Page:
Lack of respect for human rights fuels the spread of HIV
Human rights are indivisibly linked with the spread and impact of HIV on individuals and communities around the world.
Lack of respect for human rights fuels the spread and intensifies the impact of the disease, while at the same time HIV undermines progress in the realisation of human rights.
Human rights are based on the principle of respect for the individual with the fundamental assumption that each person is a moral and rational being who deserves to be treated with dignity.
HIV/AIDS-related human rights issues include the right to life; the right to liberty and security of the person; the right to the highest attainable standard of mental and physical health; the right to non-discrimination, equal protection and equality before the law. They also include the right to freely receive and impart information, the right to freedom of association as well as the right to marry and found a family, are also among the HIV/AIDS-related human rights.
The protection and promotion of human rights is essential in preventing the spread of HIV and in mitigating the social and economic impact of the pandemic.
Where individuals and communities are able to realise their rights to education, free association, information and, most importantly, non-discrimination, the personal and societal impacts of HIV and AIDS are reduced.
One can also agree with me that where an open and supportive environment exists for those infected with HIV, where they are protected from discrimination, treated with dignity and have access to healthcare and support ‑ individuals are more likely to seek testing in order to know their status.
In turn, those people who are HIV positive may deal with their status more effectively, by seeking and receiving treatment and psychosocial support, and by taking measures to prevent transmission to others, thus reducing the impact of HIV on themselves and on others in society.
This link between HIV and human rights is apparent in the disproportionate incidence and spread of the disease among certain groups which, depending on the nature of the disease and the prevailing social, legal and economic conditions, include women and children, and particularly those living in poverty.
It is also apparent in the fact that the overwhelming burden of the epidemic today is borne by developing countries, where the disease threatens to reverse vital achievements in human development.
AIDS and poverty are now mutually reinforcing negative forces in many developing countries, including Namibia.
According to United Nation Human Right Council (UNHRC), the relationship between HIV/AIDS and human rights is that it increases vulnerability, stigma and discrimination as well as impedes effective response.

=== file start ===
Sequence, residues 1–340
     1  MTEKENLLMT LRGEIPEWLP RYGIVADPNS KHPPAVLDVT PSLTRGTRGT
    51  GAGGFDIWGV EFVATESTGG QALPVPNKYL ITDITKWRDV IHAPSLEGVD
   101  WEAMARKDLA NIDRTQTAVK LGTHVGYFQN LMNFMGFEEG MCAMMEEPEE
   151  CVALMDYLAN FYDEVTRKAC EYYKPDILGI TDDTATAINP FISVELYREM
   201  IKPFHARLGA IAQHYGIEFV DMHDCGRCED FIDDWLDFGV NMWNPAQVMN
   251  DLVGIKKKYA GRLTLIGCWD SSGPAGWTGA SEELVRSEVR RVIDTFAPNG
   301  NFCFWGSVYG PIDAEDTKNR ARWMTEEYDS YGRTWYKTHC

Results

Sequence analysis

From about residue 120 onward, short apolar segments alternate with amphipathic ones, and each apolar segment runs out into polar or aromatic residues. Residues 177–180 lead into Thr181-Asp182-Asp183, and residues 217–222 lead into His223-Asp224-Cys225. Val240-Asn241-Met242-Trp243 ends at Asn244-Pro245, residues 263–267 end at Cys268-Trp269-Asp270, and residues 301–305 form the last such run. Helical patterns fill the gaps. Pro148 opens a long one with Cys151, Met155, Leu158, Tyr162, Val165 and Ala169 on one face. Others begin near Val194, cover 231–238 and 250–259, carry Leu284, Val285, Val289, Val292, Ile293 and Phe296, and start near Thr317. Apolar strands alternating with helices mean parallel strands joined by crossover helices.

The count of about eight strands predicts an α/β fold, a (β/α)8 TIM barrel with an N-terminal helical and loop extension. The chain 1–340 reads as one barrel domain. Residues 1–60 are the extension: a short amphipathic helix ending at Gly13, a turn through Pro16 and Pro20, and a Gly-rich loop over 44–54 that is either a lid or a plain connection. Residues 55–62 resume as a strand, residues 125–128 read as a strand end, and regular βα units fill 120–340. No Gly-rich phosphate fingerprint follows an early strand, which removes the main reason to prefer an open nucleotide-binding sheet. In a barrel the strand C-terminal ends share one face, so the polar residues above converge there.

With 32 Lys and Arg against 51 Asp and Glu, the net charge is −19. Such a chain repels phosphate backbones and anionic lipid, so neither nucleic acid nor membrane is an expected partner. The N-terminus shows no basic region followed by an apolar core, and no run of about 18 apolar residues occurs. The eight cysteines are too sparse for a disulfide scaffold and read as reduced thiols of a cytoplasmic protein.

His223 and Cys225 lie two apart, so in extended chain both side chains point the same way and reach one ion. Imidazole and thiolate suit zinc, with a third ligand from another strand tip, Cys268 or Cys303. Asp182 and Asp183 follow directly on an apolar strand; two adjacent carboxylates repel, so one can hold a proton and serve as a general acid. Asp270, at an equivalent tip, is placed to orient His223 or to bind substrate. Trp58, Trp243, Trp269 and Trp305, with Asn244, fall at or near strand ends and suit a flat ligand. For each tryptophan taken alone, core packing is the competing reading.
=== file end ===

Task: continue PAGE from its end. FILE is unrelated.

The human rights agency noted that certain groups are more vulnerable to contracting the HIV virus because they are unable to realise their civil, political, economic, social and cultural rights.
For example, individuals who are denied the right to freedom of association and access to information may be excluded from discussing issues related to HIV, participating in AIDS service organisations and self-help groups, and taking other preventive measures to protect themselves from HIV infection.
Women, and particularly young women, are more vulnerable to infection if they lack access to information, education and services necessary to ensure sexual and reproductive health and prevention of infection.
The unequal status of women in the community also means that their capacity to negotiate in the context of sexual activity is severely undermined.
People living in poverty are often unable to access HIV care and treatment, including anti-retroviral and other medications for opportunistic infections.
Stigmatisation and discrimination may obstruct their access to treatment and may affect their employment, housing and other rights.
This, in turn, contributes to the vulnerability of others to infection, since HIV-related stigma and discrimination discourages individuals infected with and affected by HIV from contacting health and social services.
The result is that those needing information, education and counselling most will not benefit even where such services are available.
Apart from that, strategies to address the epidemic are hampered in an environment where human rights are not respected.
For example, discrimination against and stigmatisation of vulnerable groups such as injecting drug users, sex workers, and men who have sex with men drives these communities underground.
This inhibits the ability to reach these populations with prevention efforts, and thus increases their vulnerability to HIV.
Likewise, the failure to provide access to education and information about HIV, or treatment, and care and support services further fuels the AIDS epidemic.
These elements are essential components of an effective response to AIDS, which is hampered if these rights are not respected.
Promoting and protecting human rights, give individuals and communities greater ability to respond to the pandemic.
An effective international response to the pandemic must be grounded in respect for all civil, cultural, economic, political, economic and social rights and the right to development, in accordance with international human rights standards, norms and principles.
Governments, United Nations bodies, programmes and specialised agencies and international and NGOs should take a step to promote and implement, where applicable, programmes to address the urgent HIV-related human rights of women, children and vulnerable groups in the context of prevention, care and access to treatment.